The need to be valued by others is universal (Kurzban & Leary, 2001; DeCremer & Mulder, 2007). While demonstrated differently in different cultures, it is a fundamental human need, and it is required to establish a secure sense of self. It is the fuel that feeds our drive to find a sense of purpose in our lives and to form attachments and connections with others. Without expressions of respect, we cannot know the value in ourselves or the value in others. Imagine how empty we would feel without this. Respect is a basic and intuitive desire, and so critical for positive outcomes in our work—which is why the authors of What Works with Teens: A Professional’s Guide to Engaging Authentically with Adolescents to Achieve Lasting Change devote an entire chapter talking about its value and application with adolescents.
Receiving respect is important to teens. Researchers who have studied respect have found that not only do teens very clearly know when they are or are not being respected, but their behavior is shaped by these experiences. For many teens, respect is a powerful determinant for whether they will engage in productive behaviors or destructive behaviors. Even more critically, respect has been found to be a mechanism that supports the development of a strong moral core.
During their research for their book What Works with Teens, clinical social workers Britt Rathbone, and Julie Baron also conducted interviews with teens about respect. In some instances, teens reported that feeling valued or respected came from being challenged or pushed beyond their comfort zone. Being pushed by an adult conveyed a message to these teens about the adult’s belief in their capabilities. Teens also expressed feeling respected when adults paid attention to them by listening and responding without judgment, and accepting their beliefs and values even if those beliefs and values were different from the adults’ own. Additionally, when adults were responsive to their intellectual, physical, social, and emotional needs, teens sensed a genuine concern for their welfare, which made them feel valued. Lastly, adolescents want adults to hold the bar high for them in all arenas. When adult expectations were expressed in the spirit of optimism and anticipation of attaining positive goals, and when adults treated them as capable of mastering challenges, teens reported feeling respected (Hajii, 2006). Treating others the way you want to be treated, respecting personal space and belongings, and not talking behind people’s backs were other behaviors young people identified as important in exhibiting respect, coming from both peers and adults (King & Vidourek, 2010).
Positive behavior changes occur when respect, rather than coercion, is used to motivate adolescents. Curricula focusing on promoting caring, respect, empathy, self-discipline, and the cultivation of positive student-teacher relationships resulted in improved grades for students who had been taught these skills (Dunn, 2010). These students also demonstrated more of a willingness to admit mistakes, work on corrections, and stand up appropriately for their rights. They showed more respect for others’ property, persistence and effort to complete tasks, empathy for others, self-control, a willingness to accept responsibilities, and the ability to work without disrupting others. At the same time, they were less likely to exhibit attention-seeking behaviors, submissiveness with peers, exaggerated or inappropriate self-blaming, bossiness, bullying, and physical aggression. Finally, when students feel cared for and respected by their peers and staff in schools, they are significantly less likely to internalize or externalize risk-taking behaviors such as alcohol and drug abuse, violence, bullying, depression, self-harm, eating disorders, and suicide (King & Vidourek, 2010).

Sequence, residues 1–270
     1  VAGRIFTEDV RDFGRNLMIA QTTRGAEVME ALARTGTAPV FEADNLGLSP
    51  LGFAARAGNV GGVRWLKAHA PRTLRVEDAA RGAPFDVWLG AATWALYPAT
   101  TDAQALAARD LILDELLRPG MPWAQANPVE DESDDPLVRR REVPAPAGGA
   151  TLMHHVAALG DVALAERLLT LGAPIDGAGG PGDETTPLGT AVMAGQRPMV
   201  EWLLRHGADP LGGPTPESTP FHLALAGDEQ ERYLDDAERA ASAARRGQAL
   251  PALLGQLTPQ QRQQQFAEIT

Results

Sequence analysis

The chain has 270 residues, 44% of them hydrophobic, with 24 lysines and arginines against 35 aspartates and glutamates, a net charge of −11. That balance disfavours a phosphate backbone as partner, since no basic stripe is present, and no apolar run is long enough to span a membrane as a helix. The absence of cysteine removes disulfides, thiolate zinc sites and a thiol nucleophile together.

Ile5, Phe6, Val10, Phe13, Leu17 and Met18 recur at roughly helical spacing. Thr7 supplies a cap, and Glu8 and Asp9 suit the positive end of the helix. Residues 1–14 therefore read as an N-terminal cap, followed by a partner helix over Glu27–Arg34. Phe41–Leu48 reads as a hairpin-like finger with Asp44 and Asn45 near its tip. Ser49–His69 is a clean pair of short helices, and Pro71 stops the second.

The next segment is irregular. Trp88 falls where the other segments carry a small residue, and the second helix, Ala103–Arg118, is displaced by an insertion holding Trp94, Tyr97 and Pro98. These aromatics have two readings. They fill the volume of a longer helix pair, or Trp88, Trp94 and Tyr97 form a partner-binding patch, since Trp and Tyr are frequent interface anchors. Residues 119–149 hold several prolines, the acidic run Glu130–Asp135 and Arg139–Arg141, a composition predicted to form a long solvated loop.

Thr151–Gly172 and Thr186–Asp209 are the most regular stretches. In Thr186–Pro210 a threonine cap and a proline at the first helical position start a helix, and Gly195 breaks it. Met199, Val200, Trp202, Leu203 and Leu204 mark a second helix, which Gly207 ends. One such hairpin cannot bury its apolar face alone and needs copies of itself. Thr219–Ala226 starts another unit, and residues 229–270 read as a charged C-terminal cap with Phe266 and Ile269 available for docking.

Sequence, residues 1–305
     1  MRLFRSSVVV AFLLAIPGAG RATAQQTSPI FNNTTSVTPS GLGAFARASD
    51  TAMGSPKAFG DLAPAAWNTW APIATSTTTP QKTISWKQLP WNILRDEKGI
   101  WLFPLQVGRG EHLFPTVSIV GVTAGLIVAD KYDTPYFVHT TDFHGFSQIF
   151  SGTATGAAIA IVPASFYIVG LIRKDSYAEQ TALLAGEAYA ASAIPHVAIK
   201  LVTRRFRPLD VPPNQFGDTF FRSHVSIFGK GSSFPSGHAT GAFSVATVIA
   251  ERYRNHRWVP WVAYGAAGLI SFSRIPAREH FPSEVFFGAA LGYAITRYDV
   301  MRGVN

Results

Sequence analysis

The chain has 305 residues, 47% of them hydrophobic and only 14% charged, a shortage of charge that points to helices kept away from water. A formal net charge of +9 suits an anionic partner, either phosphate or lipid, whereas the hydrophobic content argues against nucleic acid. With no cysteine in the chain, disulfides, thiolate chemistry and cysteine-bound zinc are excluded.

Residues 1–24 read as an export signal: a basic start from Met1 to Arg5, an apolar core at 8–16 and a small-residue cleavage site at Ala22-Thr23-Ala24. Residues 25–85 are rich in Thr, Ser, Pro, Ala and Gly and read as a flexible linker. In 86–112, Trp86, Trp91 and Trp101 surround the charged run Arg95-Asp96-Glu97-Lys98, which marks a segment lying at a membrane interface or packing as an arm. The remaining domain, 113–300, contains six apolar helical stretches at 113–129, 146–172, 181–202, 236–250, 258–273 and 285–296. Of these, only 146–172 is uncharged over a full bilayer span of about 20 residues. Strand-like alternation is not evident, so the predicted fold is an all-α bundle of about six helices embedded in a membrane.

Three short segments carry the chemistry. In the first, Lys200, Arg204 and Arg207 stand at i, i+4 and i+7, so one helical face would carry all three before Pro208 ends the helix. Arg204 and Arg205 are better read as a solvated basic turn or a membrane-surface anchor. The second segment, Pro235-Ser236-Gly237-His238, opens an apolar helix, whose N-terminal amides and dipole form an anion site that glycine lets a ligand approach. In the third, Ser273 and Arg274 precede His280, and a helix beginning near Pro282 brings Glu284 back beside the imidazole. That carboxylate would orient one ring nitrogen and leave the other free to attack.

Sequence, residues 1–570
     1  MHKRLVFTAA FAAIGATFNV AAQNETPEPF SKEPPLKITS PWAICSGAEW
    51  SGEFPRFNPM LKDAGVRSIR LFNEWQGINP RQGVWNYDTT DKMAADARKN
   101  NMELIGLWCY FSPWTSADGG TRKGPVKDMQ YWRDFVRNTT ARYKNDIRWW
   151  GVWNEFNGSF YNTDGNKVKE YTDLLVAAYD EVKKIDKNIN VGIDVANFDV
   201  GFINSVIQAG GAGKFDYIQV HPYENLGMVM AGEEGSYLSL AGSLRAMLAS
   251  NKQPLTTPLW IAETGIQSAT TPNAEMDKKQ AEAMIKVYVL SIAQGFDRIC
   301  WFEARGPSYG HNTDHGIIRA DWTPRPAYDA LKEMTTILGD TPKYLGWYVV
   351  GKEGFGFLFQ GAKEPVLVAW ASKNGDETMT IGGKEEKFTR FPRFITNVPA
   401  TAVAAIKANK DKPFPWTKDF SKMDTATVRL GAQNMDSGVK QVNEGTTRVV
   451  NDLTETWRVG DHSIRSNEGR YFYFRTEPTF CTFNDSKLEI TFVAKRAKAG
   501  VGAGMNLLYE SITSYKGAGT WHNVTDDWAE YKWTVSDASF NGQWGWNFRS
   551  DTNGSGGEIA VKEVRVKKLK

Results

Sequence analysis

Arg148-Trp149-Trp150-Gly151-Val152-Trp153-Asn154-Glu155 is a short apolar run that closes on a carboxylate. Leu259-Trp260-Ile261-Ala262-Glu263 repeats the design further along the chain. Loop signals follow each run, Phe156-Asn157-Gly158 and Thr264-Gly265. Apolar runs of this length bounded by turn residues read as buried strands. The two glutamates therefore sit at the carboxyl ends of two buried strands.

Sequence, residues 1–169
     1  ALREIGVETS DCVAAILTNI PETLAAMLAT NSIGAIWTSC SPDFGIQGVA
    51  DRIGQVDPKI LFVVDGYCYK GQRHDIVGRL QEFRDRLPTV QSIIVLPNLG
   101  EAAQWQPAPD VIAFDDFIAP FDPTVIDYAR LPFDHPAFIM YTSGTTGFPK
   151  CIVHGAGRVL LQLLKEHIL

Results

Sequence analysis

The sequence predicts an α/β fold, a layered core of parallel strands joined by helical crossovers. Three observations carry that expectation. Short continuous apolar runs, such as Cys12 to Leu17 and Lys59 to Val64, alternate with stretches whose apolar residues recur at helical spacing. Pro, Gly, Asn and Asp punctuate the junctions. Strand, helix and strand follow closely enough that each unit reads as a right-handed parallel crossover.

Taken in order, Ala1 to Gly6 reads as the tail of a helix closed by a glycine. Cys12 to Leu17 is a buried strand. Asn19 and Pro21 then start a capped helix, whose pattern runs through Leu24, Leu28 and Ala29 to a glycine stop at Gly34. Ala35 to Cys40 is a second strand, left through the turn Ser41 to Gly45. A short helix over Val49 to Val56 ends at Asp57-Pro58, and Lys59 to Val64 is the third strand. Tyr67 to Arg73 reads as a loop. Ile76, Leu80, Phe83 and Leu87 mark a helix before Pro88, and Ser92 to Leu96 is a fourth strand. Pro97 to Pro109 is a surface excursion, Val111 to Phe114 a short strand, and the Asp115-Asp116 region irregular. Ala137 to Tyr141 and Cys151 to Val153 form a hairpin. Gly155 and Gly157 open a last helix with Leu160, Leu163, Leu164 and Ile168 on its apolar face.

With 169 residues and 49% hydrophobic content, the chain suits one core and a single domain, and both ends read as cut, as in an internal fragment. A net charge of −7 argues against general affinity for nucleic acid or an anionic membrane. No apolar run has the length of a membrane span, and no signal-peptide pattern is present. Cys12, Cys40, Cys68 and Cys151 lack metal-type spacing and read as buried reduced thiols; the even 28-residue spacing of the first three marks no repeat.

Developmental theorists have long identified respect as an important component in making thoughtful moral choices, and vital for children and adolescents to develop empathy. Recent researchers and theorists suggest not only that moral development relies on prosocial behaviors—such as respect—demonstrated in the context of social relationships, but that it is the responsibility of educational systems to teach character education in order to help our youth build their foundation for a purposeful and fulfilling life and to contribute to a just and compassionate society (Frichand, 2008). So for adolescents, learning respect by receiving respect is critical for their moral development, and the adult-teen relationship has the potential to be the vehicle for the direct instruction and modeling of moral character and core values.
For more about What Works with Teens, check out Britt Rathbone, MSSW, LCSW-C, and Julie Baron, MSW, LCSW-C’s new book.
DeCremer, D., & Mulder, L. B. (2007). A passion for respect: On understanding the role of human needs and morality. Gruppendynamik und Organisationsberatung, 38(4), 439–449.
Frichand, A. (2008). Moral and values of adolescents today: Where is this new generation going and what needs to be done? In: E. Avram (Ed.) Psychology in a positive world: Resources for personal, organizational and social development, 31–58, Bucharest: Editura Universitatii din Bucuresti.
Hajii. (2006). Four faces of respect. Reclaiming Children and Youth, 15(2), 66–70.
King, K. A., & Vidourek, R. A. (2010). In search of respect: A qualitative study exploring youth perceptions. International Journal on School Dissaffection, 7(1), 5–17.
Kurzban, R., & Leary, M. R. (2001). Evolutionary origins of stigmatization: The functions of social exclusion. Psychological Bulletin, American Psychological Association, 127(2), 187–208.